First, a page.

- P.A. Scott
- J. Charteris, Department of Human Movement Studies, Rhodes University, South Africa
- R.S. Bridger, Department of Biomedical Engineering, UCT Medical School, South Africa
Jointly hosted by the Ergonomics Society of South Africa (ESSA) and the International Ergonomics Association (IEA), this conference was attended by over 300 delegates and represented the largest and most prestigious gathering of eminent international ergonomists in the history of Africa. It also marked the beginning of a revival in concern for the well-being and productivity of people at work in South Africa.
The conference aimed to juxtapose two great ergonomic themes – the under-developed ethos of the affluent societies and the technologically advanced ethos of the most affluent societies. The structure of the proceedings reflects this with the first section addressing the priorities of countries in transition and the last section addressing the priorities of the most industrially-developed countries, who have, by and large, long since solved the sorts of ergonomics problems currently of concern in the under-developed world. In between these, in a roughly hierarchical arrangement from micro- to macro- levels of analysis, are sections which collectively help span the whole field of ergonomics. Section overviews are provided to outline the topics included in each section.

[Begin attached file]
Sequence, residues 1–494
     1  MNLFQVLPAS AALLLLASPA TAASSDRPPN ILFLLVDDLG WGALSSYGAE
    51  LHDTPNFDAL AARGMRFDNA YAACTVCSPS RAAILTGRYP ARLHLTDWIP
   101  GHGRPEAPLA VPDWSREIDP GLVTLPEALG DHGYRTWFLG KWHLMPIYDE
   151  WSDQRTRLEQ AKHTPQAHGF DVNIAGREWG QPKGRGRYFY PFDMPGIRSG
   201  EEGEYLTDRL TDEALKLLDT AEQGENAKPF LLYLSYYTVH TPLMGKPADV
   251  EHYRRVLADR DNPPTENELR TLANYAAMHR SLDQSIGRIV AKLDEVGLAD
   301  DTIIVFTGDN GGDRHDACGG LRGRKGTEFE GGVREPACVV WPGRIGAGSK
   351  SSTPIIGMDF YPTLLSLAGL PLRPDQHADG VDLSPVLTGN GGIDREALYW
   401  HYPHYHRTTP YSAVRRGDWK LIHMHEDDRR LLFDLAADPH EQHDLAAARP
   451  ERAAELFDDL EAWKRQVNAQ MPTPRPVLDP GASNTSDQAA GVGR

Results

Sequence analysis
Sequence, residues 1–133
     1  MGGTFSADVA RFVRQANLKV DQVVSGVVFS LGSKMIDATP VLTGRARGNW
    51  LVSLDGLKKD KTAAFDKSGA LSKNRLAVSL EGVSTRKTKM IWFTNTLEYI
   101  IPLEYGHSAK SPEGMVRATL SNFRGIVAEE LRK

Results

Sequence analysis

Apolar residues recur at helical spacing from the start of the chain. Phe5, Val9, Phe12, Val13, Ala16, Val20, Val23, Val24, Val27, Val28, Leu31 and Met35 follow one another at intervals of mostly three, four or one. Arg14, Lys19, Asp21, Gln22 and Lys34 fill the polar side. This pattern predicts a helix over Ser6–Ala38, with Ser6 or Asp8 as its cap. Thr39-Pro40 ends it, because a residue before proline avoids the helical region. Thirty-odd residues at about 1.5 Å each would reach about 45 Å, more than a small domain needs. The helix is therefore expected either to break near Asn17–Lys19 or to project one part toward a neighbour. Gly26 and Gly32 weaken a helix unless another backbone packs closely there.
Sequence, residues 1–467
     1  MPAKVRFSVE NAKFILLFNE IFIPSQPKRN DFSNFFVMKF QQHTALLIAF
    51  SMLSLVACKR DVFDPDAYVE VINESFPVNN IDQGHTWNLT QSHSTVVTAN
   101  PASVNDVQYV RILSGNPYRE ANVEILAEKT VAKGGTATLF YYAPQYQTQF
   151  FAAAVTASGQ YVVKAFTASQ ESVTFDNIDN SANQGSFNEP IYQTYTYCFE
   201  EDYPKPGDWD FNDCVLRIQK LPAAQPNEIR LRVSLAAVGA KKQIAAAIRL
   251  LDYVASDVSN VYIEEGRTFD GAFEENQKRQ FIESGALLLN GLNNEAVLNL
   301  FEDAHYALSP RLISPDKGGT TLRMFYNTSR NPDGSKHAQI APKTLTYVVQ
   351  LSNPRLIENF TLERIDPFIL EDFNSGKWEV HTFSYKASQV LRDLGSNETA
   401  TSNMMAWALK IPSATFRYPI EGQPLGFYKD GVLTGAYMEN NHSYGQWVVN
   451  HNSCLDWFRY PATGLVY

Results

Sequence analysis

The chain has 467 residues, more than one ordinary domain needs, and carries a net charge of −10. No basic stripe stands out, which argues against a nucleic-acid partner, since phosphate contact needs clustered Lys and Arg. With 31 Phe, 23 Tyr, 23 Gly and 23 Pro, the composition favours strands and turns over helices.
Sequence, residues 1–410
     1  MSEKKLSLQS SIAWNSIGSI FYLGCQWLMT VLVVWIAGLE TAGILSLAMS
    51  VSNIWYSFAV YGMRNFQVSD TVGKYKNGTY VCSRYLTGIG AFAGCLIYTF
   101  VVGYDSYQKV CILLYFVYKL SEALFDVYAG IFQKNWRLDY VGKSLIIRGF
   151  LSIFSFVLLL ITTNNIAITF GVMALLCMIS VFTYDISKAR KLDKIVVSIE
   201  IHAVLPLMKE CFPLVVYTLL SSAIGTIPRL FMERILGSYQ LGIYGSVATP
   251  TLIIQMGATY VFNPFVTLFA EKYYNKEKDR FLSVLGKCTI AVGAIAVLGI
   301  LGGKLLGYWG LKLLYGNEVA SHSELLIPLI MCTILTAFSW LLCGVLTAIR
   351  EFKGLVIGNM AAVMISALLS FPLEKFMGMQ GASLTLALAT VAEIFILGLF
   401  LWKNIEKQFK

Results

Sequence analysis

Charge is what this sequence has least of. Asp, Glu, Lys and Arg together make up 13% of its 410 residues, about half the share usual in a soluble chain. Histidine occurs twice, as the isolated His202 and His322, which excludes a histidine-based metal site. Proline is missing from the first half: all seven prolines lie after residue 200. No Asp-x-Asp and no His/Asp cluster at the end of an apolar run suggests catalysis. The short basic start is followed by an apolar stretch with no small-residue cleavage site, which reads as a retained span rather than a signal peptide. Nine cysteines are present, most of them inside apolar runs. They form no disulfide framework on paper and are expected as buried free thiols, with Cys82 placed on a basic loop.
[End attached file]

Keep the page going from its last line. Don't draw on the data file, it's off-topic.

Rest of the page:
For researchers and practitioners working as: ergonomists; human factors engineers; production, manufacturing, industrial, systems and design engineers; industrial designers; industrial hygienists; health and safety specialists; organizational psychologists; physiotherapists; occupational therapists, psychiatrists; and human-compter interaction specialists.